I’ve always had jobs like babysitting and doing chores around the house. My first “official” job, however, was working the 5:30 AM shift at Dunkin Donuts shop in King of Prussia! While I only worked for Dunkin Donuts eight months before I landed a job at the King of Prussia Mall working for the now-defunct Abraham and Straus, I do remember coming home from work smelling like sugar. To this day, I can’t eat donuts.
What lessons did you learn at those first couple jobs that stick with you today?
Not only did the Dunkin Donuts job teach me the discipline to show up at the start of my shift at 5:30 AM, but it gave me invaluable experience dealing with people. When someone pulls up to the takeout window at 6:00 AM and orders a cup of coffee, they’re not always the happiest people in the world.
After high school, where did you go college?
When I graduated from Conestoga High School in 1985, I went “away” to college at the University of Pennsylvania. I say away because even though Penn’s West Philadelphia campus is only 30 minutes from Tredyffrin home, my life on campus was different than what I had experienced in what was then semi-rural Chester County. Penn was not only larger than what I was used to but more diverse and rigorous as well. I was on University Council and started a social club called the Tabard Society which is still in existence today.
Why did you decide on a career in law?
While growing up, my parents always stressed being involved in the community. My father’s favorite saying was at the end of the day, the only thing you have is your voice and your vote. In high school and then in college I got involved in student government. I always liked to write and had limited experience in theater. I thought being a lawyer offered me a chance to leverage my passions and skills.
When I went to law school, I wasn’t so much interested in working for a big firm or becoming district attorney, which are reasons frequently cited for attending law school. Instead, I wanted to practice law at the local level. My mother ran Upper Merion Township’s health department and frequently attended night meetings. I worked a summer with Terry Woodman when she was assistant Township Manager at Tredyffrin (she later became East Whiteland’s Township Manager). Working with Terry that summer convinced me I was more interested in the legal side of local government, not that she wasn’t great!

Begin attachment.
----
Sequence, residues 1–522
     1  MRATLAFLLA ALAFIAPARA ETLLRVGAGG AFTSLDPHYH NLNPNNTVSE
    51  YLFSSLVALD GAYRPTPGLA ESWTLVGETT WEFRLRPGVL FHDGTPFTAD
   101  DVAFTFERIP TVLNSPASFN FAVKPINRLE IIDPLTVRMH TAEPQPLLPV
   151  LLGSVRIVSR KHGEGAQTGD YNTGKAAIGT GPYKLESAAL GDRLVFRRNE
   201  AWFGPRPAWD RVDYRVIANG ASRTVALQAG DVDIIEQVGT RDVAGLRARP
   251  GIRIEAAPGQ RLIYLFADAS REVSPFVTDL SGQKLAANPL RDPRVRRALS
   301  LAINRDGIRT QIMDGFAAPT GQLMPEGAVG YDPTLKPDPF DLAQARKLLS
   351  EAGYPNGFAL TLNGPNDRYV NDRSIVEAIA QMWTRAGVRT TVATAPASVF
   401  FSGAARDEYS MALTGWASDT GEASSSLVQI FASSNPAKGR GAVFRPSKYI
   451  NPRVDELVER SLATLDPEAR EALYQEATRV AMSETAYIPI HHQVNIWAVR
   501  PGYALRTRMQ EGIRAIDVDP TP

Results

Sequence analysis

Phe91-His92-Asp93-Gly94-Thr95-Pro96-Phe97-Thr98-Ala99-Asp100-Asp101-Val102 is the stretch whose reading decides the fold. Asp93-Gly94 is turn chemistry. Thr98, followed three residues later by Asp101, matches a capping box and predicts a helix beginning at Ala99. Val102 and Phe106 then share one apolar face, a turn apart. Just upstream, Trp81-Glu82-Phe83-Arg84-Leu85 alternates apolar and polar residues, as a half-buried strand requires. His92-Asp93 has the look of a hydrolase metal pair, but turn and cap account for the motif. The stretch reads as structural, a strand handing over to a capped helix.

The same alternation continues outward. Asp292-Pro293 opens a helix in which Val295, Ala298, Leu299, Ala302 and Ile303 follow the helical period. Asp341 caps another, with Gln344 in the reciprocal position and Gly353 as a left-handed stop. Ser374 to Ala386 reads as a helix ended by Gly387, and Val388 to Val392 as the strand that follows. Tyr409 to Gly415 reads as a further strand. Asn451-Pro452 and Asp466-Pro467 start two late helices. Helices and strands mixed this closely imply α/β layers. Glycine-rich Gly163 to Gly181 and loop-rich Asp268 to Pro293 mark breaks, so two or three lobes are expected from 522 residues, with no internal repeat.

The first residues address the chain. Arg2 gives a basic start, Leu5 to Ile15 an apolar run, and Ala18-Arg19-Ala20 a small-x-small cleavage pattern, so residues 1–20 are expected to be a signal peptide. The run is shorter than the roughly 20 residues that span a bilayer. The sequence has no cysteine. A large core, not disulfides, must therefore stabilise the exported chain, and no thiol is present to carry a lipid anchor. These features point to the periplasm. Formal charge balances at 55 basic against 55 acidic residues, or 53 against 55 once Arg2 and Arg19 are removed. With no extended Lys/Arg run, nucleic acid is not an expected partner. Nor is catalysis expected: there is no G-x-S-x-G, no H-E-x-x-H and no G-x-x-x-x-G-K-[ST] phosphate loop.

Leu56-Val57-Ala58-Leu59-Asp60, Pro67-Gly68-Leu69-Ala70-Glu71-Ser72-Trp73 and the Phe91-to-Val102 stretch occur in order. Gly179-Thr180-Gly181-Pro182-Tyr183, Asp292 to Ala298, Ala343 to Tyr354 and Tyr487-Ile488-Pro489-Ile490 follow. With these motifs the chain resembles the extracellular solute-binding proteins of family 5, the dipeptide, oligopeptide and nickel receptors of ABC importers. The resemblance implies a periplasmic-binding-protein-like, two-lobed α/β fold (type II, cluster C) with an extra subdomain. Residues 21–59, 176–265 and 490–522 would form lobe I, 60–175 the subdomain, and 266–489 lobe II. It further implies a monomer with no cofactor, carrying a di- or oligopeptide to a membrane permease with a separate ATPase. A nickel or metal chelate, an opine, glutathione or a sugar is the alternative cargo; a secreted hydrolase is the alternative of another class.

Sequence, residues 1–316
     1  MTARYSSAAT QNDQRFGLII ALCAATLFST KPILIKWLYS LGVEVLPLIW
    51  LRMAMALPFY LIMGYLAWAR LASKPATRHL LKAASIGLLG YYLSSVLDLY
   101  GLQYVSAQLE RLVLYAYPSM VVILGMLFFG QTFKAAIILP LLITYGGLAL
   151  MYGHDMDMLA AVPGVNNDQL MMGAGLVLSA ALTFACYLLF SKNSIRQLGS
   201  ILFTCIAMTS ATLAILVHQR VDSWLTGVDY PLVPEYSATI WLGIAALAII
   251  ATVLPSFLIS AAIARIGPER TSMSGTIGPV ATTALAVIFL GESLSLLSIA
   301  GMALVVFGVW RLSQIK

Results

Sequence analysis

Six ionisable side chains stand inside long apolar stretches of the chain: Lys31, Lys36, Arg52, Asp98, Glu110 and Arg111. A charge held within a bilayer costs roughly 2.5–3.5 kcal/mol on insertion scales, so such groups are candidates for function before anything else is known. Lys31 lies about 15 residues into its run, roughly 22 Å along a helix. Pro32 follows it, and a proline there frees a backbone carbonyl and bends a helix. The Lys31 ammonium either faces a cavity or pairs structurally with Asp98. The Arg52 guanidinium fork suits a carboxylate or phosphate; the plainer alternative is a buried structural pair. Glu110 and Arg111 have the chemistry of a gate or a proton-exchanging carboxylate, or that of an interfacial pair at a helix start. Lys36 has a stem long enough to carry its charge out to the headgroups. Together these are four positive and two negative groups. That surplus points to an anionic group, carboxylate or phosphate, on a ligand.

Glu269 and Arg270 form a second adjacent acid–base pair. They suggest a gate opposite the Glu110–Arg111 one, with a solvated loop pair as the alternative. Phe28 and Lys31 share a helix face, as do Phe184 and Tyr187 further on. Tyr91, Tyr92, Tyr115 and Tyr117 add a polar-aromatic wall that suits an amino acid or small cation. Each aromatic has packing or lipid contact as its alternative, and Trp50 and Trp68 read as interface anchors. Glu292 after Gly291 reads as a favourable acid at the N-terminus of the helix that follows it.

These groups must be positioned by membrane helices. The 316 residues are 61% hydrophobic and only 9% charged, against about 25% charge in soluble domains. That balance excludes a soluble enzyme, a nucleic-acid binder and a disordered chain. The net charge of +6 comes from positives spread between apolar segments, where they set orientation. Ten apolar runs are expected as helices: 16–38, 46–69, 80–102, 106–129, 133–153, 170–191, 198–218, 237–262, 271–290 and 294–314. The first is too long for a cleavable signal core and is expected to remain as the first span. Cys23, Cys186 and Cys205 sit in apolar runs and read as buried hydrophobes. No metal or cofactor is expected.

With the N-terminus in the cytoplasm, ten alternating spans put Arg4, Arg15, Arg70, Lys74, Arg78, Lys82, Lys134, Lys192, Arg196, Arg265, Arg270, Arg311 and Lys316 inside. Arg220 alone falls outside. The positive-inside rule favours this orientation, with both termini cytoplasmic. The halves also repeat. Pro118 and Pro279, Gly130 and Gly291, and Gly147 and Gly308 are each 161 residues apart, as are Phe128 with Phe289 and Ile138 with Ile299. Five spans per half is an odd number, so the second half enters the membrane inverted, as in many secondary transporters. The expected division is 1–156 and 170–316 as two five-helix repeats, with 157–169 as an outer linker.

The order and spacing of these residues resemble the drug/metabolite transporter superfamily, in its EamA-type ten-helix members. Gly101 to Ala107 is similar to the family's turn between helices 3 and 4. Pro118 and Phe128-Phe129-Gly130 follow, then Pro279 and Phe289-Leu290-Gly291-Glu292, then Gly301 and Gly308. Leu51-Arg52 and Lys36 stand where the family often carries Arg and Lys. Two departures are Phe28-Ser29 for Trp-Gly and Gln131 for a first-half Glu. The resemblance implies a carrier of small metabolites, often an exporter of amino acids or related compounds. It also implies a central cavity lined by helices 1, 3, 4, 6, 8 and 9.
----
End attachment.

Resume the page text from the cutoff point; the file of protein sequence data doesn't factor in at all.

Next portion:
Across your career in law, who were the people who helped you the most?
One of the first people to encourage me professionally was Ron Wagenmann, who was Upper Merion Township Manager when I was in college. Ron helped me get the internship position with Terry as well as encouraged me to get into politics.
The second person who influenced me was Judge Stanley Ott in Montgomery County Court of Common Pleas. Working for Judge Ott was like an apprenticeship for me in many ways and one of the best jobs I’ve ever had.
The third person who impacted my career was Charles Potash, an attorney at Wisler Pearlstine in Blue Bell, the first law firm I worked at after law school. Charles would take me to all his municipal and school district meetings but always remind me to get home for dinner with my family.
How did you get into politics?
After I was out of law school and practicing law with Wisler Pearlstine in Montgomery County, Joe Janasik, Tredyffrin Township Manager stopped me in the hall of the township building and encouraged me to sign up to serve on the Township’s zoning hearing board. The opportunity interested me and I gave him my resume.
Two weeks later, then supervisor Warren Kampf, called and offered me a spot on the township’s Library Board. I politely declined (even though I love the library), telling Warren I wanted to serve on the planning commission or the zoning hearing board.